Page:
Campos-Chaves v. Garland

On Friday, the Supreme Court issued a 5-4 decision in Campos-Chaves v. Garland (consolidated with Garland v. Singh, and Garland v. MendezColin). The case concerns the circumstances in which a noncitizen can move to rescind an in absentia removal order after receiving a defective Notice to Appear.

The Court had previously ruled that Notices to Appear (NTA) must specify the time and date of a noncitizen’s removal hearing, and that the government’s failure to provide this information renders an NTA invalid. On Friday, the Court ruled that even if a noncitizen receives an incomplete NTA, if they subsequently receive a notice of hearing specifying the date and time of their hearing and fail to attend, they are not eligible to apply for rescission of their removal order. The decision removes a key incentive for the government to issue legally compliant NTAs, and places greater burdens on noncitizens to protect their rights.

What You Need to Know

  • Law at Issue: Federal law requires that the government provide a written “notice to appear” (NTA) to individuals subject to deportation orders, which specifies “the time and place at which the proceedings will be held,” and a “notice of hearing” (NOH) if the time and place of the hearings are changed or postponed. Noncitizens who receive in absentia orders of removal can move to reopen their cases if they do not receive either statutorily required notice. For years, the government has sidestepped its legal obligations by issuing so-called NTAs with the time and place of hearings “TBD.” In the 2018 case Pereira v. Sessions, the Supreme Court ruled 8 to 1 that a document that fails to provide time and place information is “not a notice to appear.” The Court also remarked that a valid NOH presumes that the Government has already served an NTA that specifies a time and place because “otherwise, there would be no time or place to ‘change or postpone.”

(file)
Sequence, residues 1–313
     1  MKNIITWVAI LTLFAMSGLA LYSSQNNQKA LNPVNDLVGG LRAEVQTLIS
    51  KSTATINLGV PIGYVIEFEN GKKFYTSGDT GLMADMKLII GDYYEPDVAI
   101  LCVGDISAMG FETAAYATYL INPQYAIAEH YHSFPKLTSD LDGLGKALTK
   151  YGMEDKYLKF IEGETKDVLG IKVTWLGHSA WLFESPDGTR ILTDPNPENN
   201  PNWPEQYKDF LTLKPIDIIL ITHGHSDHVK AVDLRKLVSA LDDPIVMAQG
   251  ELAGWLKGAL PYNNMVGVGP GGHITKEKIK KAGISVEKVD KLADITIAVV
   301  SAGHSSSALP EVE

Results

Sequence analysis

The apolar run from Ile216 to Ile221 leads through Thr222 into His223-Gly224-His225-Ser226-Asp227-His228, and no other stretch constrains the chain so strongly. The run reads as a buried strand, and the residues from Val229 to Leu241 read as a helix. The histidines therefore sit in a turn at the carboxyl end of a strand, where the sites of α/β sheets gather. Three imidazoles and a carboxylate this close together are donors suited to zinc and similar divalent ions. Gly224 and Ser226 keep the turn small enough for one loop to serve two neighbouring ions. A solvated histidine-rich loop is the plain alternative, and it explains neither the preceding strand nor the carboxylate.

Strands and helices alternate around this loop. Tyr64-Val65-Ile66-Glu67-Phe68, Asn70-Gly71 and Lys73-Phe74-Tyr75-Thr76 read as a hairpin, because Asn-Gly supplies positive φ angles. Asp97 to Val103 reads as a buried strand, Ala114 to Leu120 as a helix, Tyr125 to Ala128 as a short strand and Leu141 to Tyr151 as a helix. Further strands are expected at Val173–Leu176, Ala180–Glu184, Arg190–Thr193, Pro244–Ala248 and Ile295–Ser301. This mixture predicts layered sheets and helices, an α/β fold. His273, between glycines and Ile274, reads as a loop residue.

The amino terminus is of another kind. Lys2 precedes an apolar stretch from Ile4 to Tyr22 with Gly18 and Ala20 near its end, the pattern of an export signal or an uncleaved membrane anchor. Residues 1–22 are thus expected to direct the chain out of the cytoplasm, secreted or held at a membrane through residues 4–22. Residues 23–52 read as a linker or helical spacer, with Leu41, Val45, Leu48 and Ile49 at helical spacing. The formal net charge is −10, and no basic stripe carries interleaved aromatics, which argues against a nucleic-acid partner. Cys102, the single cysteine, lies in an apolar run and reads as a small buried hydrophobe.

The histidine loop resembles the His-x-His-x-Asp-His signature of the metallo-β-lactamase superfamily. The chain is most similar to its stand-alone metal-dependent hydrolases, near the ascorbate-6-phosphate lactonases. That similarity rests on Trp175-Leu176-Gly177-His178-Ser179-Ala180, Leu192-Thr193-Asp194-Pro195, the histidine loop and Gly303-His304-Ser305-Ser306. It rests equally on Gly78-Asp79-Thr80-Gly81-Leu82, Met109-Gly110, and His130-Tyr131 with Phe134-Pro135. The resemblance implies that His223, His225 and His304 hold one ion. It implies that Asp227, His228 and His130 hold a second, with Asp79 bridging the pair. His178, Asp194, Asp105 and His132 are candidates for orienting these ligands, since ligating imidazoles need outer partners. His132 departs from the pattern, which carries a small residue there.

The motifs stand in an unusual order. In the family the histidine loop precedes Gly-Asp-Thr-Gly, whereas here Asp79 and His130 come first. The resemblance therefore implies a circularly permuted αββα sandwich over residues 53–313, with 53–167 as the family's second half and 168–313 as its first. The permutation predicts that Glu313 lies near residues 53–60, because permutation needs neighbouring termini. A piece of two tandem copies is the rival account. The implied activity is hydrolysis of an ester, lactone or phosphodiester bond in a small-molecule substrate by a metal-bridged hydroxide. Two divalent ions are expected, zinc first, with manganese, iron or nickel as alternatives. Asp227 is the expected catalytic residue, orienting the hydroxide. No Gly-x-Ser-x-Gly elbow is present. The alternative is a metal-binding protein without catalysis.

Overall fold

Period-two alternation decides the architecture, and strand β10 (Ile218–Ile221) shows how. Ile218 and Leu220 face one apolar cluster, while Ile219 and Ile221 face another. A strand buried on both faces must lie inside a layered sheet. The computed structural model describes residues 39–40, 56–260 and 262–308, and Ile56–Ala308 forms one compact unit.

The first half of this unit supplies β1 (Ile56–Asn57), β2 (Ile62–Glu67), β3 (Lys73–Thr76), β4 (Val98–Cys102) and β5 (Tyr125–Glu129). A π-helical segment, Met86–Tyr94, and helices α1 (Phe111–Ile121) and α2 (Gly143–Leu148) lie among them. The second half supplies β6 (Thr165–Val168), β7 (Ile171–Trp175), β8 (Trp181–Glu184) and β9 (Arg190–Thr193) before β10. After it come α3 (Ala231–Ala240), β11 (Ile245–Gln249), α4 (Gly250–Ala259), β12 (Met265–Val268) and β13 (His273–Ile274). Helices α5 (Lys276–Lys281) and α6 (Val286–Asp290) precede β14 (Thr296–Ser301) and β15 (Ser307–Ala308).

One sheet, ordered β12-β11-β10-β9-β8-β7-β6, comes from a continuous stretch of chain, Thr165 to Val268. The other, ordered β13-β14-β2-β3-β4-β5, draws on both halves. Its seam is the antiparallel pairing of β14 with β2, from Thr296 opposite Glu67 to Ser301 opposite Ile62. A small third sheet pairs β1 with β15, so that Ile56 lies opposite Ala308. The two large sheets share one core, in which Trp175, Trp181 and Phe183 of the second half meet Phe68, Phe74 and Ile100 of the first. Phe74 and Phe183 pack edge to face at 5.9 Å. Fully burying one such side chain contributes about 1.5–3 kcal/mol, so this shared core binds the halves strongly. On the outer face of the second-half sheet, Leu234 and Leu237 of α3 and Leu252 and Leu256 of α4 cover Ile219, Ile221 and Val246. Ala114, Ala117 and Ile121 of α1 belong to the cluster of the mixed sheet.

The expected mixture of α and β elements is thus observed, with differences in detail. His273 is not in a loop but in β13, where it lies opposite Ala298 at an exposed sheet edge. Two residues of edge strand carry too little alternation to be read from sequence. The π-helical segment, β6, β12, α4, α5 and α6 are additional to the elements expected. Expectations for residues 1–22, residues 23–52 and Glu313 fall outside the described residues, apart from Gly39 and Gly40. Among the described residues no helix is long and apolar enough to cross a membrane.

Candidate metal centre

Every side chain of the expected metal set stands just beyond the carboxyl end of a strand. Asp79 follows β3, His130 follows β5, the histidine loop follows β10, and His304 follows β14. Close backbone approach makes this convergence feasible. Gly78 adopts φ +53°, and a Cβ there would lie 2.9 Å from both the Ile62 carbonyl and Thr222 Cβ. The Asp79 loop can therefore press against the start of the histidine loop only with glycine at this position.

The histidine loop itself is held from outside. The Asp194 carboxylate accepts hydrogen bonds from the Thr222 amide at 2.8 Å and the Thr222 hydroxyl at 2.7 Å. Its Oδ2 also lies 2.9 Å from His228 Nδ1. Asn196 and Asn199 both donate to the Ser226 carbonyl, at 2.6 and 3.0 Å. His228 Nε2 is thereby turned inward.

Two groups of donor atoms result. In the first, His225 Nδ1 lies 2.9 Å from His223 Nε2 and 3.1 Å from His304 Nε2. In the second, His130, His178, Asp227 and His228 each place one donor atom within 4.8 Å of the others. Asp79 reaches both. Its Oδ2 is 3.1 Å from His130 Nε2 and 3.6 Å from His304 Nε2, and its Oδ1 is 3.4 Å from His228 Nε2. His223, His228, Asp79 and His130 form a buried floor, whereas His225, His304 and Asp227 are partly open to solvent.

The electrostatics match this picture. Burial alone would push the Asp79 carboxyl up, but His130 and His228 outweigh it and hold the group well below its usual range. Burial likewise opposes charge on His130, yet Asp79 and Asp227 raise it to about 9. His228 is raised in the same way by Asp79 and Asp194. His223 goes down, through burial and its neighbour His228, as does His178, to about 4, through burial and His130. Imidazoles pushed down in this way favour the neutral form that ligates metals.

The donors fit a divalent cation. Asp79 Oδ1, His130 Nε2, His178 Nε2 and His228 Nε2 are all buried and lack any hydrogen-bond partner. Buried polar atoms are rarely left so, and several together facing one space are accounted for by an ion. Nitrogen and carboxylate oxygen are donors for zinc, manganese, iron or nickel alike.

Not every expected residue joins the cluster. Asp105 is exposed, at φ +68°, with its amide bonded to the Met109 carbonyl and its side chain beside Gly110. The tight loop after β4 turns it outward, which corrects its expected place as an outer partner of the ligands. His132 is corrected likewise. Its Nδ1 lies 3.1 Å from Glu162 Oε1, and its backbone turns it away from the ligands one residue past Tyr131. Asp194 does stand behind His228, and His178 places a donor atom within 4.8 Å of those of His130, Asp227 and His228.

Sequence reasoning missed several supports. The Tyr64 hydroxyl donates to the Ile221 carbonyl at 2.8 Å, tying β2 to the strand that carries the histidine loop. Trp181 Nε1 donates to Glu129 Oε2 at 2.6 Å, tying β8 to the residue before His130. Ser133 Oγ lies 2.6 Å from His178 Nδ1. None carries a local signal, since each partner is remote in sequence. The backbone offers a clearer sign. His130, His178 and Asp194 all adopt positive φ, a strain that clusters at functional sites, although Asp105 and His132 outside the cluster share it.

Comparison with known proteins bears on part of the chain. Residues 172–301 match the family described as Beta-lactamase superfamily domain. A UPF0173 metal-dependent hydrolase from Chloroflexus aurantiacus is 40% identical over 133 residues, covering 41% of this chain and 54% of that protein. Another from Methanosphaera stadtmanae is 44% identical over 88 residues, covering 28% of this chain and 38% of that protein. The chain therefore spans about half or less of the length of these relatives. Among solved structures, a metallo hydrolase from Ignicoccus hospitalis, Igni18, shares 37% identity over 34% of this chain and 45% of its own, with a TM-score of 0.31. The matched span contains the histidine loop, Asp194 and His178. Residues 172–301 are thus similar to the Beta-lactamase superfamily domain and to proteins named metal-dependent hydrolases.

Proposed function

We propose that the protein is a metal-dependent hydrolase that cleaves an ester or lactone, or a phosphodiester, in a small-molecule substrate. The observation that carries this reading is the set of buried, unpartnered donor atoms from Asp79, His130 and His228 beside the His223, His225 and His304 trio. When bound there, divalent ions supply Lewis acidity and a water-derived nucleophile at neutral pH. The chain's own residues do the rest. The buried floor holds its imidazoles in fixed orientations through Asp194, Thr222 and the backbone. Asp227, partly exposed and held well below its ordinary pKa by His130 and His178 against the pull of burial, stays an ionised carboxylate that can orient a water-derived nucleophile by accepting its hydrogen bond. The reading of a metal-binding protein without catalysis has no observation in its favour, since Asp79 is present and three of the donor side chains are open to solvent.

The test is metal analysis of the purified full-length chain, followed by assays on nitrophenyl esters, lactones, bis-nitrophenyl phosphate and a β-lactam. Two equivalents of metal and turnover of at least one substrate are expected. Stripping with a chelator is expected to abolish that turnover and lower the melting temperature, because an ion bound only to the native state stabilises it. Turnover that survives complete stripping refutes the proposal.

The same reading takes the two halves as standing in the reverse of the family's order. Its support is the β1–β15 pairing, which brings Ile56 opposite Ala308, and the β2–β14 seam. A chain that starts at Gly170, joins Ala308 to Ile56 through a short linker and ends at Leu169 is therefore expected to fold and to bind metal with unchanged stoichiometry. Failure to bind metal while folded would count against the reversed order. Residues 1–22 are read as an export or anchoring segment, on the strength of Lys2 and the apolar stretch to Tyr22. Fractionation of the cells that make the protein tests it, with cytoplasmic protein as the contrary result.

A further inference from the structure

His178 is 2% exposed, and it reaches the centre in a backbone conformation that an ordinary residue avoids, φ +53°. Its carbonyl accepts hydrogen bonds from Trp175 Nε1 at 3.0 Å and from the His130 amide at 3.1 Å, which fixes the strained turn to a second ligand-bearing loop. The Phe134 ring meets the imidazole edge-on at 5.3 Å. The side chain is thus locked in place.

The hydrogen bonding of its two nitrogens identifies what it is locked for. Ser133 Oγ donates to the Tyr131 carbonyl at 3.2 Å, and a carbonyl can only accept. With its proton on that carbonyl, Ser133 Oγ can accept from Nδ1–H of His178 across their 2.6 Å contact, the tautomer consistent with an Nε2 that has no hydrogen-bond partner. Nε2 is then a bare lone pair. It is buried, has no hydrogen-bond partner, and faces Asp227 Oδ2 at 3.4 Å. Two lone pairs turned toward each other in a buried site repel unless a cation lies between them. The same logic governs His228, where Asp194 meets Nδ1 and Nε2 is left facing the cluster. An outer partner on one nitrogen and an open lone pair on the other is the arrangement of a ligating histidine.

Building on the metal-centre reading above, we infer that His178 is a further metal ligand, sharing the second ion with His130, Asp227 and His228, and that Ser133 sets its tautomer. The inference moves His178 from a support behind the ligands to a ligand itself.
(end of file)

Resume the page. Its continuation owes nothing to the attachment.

• Facts of this Case: Moris Esmelis Campos-Chaves, a citizen of El Salvador, entered the United States without legal authorization in January 2005. Immigration and Customs Enforcement (ICE) initiated deportation proceedings against him. He was initially served with an NTA that listed the time and location as “to be determined.” A subsequent NOH, with specific time and location information included, was later sent. Campos-Chaves did not appear at the hearing, and an immigration judge ordered his removal in absentia. In 2018, after the Supreme Court’s decision in Pereira, Campos-Chaves filed a motion to reopen his case because his NTA lacked place and time information. The immigration judge denied his motion, the Board of Immigration Appeals dismissed his appeal, and the Fifth Circuit denied Campos-Chaves’ petition to review the BIA decision.
  • Question Presented to the Court: Whether non-citizens who are ordered removed after being issued defective NTAs (lacking place and time information) supplemented by later NOHs (including places and dates) can move to reopen their cases.
  • What Happened at the Oral Argument: Justices from across the ideological spectrum expressed skepticism of the government’s arguments that noncitizens who have been ordered removed after receiving defective NTAs should not be allowed to reopen their cases. Several Justices emphasized the clear language of the statute and language from past SCOTUS decisions criticizing the government’s practice of issuing incomplete NTAs.
  • What Did the Court Decide?: The Court ruled that noncitizens who receive in absentia removal orders after receiving notice of the time and place of their removal hearing may not seek to have their removal orders rescinded, even if they never received a valid NTA. Justice Jackson (joined by Justices Sotomayor, Kagan and Gorsuch) wrote for the dissent, arguing that this ruling “defies the plain text and context of the statute, sidesteps our precedents, and upends the careful in absentia removal framework Congress has crafted.”
  • Practical Effect: The Court’s ruling forecloses relief for individuals subject to deportation orders who have received defective NTAs and may incentivize the government to continue to issue incomplete NTAs to noncitizens.